In his campaign and first few years in office, Donald Trump consistently defied contemporary norms by using explicit, negative rhetoric targeting ethnic/racial minorities. Did this rhetoric lead white Americans to express more prejudiced views of African Americans or Hispanics, whether through the normalization of prejudice or other mechanisms? We assess that question using a 13-wave panel conducted with a population-based sample of Americans between 2008 and 2018. We find that via most measures, white Americans' expressed anti-Black and anti-Hispanic prejudice declined after the 2016 campaign and election, and we can rule out even small increases in the expression of prejudice. These results suggest the limits of racially charged rhetoric's capacity to heighten prejudice among white Americans overall. They also indicate that prejudice can behave like an issue attitude: rather than being a fixed predisposition, prejudice can respond thermostatically to changing presidential rhetoric and policy positions.
And the accompanying graphic.

Click to enlarge.

Well, holy smokes. That probably does constitute a plunge. Depending on which line you are looking at, that is a 15-50% decline in prejudice.

Of course, it was all hogwash in the first place. Card-carrying DNC journalists and other Mandarin Class bitter clingers were so steeped in magical thinking that within a month of the election they were claiming rises in racism, long before one could expect to see it in data. For the droning heads, because they thought Trump and America were inherently racist, therefore it must be true. And because Trump was a racist, that racism, like cooties, would magically infect others and racism would rise.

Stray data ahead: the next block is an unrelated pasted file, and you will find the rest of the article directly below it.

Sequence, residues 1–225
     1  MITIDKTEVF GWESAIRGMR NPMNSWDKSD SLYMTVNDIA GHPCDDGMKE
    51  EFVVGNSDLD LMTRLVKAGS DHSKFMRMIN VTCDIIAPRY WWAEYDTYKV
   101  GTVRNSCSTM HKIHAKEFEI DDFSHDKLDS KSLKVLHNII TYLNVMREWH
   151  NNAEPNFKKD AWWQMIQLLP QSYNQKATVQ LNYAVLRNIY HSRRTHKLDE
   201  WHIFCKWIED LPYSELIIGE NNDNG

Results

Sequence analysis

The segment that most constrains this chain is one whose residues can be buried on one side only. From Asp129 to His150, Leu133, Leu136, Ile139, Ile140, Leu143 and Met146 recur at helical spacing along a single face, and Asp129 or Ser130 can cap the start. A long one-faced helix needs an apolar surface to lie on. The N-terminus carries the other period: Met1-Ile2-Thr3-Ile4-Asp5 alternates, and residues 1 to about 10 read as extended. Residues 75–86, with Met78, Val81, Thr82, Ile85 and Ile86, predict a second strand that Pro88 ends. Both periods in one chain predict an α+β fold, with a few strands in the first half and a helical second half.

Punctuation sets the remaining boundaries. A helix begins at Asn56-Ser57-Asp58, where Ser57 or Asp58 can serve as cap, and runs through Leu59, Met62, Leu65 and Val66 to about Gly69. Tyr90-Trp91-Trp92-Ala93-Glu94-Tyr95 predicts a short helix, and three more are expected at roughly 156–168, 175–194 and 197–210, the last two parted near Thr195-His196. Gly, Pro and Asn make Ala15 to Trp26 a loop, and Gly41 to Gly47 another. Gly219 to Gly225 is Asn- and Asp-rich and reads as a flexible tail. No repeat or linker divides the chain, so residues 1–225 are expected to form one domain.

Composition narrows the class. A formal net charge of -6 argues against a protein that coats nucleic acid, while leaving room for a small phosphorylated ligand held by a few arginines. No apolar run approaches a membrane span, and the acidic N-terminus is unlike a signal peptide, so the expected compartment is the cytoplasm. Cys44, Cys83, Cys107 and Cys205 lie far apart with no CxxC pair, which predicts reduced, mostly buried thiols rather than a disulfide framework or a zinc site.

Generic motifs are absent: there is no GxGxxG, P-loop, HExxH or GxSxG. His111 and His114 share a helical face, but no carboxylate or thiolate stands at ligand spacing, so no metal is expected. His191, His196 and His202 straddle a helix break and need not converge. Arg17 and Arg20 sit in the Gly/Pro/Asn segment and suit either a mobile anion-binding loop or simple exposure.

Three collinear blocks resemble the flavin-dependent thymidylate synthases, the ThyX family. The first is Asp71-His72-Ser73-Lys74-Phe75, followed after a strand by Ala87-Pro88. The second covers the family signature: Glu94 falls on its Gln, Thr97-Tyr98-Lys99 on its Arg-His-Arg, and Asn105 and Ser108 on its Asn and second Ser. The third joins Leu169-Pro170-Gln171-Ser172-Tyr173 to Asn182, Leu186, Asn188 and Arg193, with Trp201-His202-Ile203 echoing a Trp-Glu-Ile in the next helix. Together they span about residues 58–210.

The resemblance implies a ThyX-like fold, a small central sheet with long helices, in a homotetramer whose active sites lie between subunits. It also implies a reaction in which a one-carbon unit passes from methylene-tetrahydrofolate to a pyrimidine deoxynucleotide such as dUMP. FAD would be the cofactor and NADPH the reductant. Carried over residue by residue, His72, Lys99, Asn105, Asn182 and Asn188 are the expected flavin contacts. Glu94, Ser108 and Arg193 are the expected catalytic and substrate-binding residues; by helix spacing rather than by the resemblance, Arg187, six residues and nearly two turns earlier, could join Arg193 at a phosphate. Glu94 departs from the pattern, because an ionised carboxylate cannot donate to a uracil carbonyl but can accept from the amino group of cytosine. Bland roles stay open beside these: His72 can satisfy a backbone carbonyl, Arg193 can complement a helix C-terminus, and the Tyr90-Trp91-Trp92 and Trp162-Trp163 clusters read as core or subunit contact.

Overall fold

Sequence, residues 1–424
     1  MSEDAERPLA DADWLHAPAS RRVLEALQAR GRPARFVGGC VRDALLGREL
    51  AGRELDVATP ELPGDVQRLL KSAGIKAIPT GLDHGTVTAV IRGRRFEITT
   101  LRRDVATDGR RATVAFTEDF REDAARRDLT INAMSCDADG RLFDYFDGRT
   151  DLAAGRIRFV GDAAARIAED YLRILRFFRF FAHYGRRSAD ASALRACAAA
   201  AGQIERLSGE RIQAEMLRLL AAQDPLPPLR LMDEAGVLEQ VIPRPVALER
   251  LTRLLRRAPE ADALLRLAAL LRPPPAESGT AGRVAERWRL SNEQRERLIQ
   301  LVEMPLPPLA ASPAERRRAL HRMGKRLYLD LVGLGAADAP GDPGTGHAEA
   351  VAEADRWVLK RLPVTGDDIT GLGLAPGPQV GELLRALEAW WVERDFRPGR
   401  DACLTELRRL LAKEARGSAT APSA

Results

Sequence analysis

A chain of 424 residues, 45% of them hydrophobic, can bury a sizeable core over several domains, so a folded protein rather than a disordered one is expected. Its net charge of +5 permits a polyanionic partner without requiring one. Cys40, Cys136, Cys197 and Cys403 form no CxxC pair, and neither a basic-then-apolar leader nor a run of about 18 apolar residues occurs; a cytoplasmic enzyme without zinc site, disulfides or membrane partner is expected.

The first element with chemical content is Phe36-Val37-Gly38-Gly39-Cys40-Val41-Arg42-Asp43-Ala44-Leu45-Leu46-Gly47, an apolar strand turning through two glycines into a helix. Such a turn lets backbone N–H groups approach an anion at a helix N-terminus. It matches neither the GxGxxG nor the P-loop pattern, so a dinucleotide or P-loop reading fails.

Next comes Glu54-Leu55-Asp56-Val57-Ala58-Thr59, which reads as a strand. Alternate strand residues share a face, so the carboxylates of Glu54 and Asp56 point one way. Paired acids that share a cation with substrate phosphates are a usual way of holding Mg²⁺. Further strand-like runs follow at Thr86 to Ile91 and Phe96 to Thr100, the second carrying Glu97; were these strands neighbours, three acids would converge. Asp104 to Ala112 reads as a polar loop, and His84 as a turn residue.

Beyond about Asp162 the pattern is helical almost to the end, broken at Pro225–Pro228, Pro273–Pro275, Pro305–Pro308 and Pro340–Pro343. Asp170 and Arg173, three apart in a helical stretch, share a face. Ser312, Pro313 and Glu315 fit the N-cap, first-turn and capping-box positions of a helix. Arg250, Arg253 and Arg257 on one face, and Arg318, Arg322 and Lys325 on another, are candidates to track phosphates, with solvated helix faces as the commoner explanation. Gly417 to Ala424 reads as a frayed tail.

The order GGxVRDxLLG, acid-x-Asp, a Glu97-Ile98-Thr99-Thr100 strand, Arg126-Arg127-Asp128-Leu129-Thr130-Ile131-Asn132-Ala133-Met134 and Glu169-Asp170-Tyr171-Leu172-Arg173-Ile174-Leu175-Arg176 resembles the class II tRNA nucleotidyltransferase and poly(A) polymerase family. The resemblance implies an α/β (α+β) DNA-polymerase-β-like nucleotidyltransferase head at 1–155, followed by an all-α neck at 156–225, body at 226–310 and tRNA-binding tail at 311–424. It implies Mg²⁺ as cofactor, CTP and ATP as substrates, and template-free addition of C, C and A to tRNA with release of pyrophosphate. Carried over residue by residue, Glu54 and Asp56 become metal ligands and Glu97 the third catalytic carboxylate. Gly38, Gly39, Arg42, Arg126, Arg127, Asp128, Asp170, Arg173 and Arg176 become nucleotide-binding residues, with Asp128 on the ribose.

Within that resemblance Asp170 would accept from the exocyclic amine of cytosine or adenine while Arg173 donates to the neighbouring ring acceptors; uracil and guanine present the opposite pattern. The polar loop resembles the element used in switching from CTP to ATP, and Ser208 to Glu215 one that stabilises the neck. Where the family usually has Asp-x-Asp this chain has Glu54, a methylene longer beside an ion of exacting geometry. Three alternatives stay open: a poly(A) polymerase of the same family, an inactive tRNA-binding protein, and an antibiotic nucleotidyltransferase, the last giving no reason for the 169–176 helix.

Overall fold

And what are we to make of "expression of prejudice" in some longitudinal survey? I want to see whether there is a rise in manifested racism, not just some mealy-mouthed expression. But demonstrated racism is quite hard to define and, if defined objectively and concretely, even harder to measure. And pleasantly rare. Instead, we rely to a far greater extent on imputed racism by those seeking to find it. Some sort of critical theory version of the observer effect but where the act of seeking something causes it to come into being. The Finder Effect perhaps.

So we end up in some sort of Samuel Beckett theater of the absurd nightmare, waiting for Godot to manifest some racism while Vladimir and Estragon talk, talk, talk. And Godot never (or at least rarely) manifests. Despite all the talking.

Crazy Year Headlines

Great Revealing or Heinlein's Crazy Years. Hard to decide with today's unexpected headlines. From Israeli Flag Burned At KKK Rally…By The Counterprotesters by Aussie Dave.